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As used in this subpart:
First aid antibiotic. An antibiotic-containing drug product applied topically to the skin to help prevent infection in minor cuts, scrapes, and burns.
This is a list of United States Code sections, Statutes at Large, Public Laws, and Presidential Documents, which provide rulemaking authority for this CFR Part.
This list is taken from the Parallel Table of Authorities and Rules provided by GPO [Government Printing Office].
It is not guaranteed to be accurate or up-to-date, though we do refresh the database weekly. More limitations on accuracy are described at the GPO site.
§ 321 - Definitions; generally
§ 351 - Adulterated drugs and devices
§ 352 - Misbranded drugs and devices
§ 353 - Exemptions and consideration for certain drugs, devices, and biological products
§ 355 - New drugs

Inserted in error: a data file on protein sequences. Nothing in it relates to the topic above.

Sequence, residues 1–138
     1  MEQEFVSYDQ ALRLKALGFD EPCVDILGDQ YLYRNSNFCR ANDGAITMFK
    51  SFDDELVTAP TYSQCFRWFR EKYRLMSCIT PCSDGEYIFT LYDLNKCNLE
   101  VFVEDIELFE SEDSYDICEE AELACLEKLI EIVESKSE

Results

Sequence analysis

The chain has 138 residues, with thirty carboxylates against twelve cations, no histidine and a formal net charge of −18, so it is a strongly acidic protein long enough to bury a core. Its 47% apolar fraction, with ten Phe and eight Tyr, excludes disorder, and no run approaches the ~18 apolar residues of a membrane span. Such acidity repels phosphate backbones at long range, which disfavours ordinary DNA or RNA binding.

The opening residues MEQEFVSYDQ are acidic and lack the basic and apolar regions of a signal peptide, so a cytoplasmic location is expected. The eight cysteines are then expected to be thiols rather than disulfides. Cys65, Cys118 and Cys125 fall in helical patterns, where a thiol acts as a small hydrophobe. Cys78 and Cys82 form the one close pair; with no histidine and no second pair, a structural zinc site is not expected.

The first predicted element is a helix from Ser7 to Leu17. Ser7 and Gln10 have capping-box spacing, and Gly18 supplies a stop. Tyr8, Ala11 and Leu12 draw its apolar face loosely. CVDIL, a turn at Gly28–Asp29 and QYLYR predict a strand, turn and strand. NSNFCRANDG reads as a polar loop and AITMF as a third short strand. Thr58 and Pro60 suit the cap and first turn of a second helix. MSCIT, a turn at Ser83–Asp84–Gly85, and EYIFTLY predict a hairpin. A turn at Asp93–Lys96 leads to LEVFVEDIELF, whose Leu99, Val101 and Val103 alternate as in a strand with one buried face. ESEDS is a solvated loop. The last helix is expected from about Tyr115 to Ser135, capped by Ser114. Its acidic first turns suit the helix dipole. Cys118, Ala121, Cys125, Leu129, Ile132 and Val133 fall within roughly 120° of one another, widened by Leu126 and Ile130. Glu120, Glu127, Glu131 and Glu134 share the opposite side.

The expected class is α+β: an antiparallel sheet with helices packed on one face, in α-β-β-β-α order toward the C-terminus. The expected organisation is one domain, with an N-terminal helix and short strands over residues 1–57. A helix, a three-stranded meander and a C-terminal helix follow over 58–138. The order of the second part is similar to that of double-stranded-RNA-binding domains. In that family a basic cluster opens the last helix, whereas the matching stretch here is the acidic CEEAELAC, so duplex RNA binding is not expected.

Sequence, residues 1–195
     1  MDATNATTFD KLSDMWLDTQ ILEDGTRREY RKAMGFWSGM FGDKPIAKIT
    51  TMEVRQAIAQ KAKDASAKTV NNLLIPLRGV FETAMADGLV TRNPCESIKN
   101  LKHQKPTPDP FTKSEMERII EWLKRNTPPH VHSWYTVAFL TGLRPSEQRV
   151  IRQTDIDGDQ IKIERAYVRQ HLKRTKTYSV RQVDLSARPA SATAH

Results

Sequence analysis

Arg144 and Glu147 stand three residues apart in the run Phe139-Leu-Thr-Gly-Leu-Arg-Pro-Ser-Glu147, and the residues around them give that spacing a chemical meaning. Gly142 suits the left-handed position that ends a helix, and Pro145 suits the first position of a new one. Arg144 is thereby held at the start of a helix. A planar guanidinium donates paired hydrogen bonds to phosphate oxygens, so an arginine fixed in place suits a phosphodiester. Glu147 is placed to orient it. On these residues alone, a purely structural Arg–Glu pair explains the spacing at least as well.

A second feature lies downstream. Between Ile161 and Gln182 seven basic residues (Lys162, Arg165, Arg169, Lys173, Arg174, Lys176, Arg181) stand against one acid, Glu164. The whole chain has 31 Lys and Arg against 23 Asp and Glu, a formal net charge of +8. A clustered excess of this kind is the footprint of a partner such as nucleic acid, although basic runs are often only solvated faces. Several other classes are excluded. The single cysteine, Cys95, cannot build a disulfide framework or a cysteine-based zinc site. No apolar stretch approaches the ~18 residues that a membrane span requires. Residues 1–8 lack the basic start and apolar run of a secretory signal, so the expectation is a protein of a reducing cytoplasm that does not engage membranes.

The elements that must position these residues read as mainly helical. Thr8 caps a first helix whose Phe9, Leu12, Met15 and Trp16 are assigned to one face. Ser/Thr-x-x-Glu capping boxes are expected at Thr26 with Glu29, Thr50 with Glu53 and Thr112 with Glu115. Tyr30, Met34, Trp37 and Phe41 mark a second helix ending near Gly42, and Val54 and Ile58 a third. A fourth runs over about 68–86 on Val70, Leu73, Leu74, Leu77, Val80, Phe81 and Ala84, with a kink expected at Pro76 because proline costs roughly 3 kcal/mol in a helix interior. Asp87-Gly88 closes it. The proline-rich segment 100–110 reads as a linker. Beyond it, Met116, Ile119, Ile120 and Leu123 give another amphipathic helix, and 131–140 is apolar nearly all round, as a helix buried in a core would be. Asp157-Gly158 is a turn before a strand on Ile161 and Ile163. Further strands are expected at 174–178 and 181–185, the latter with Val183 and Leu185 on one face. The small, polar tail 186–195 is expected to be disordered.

§ 360 - Registration of producers of drugs or devices
§ 371 - Regulations and hearings
Title 21 published on 10-May-2017 03:43
The following are ALL rules, proposed rules, and notices (chronologically) published in the Federal Register relating to 21 CFR Part 333 after this date.
The Food and Drug Administration (FDA) is issuing this proposed rule to amend the 1994 tentative final monograph or proposed rule (the 1994 TFM) for over-the-counter (OTC) antiseptic drug products. In this proposed rule, we are proposing to establish conditions under which OTC consumer antiseptic products intended for use with water (referred to throughout as consumer antiseptic washes) are generally recognized as safe and effective. In the 1994 TFM, certain antiseptic active ingredients were proposed as being safe for antiseptic handwash use by consumers based on safety data evaluated by FDA as part of our ongoing review of OTC antiseptic drug products. However, in light of more recent scientific developments and changes in the use patterns of these products we are now proposing that additional safety data are necessary to support the safety of antiseptic active ingredients for this use. We also are proposing that all consumer antiseptic wash active ingredients have data that demonstrate a clinical benefit from the use of these consumer antiseptic wash products compared to nonantibacterial soap and water.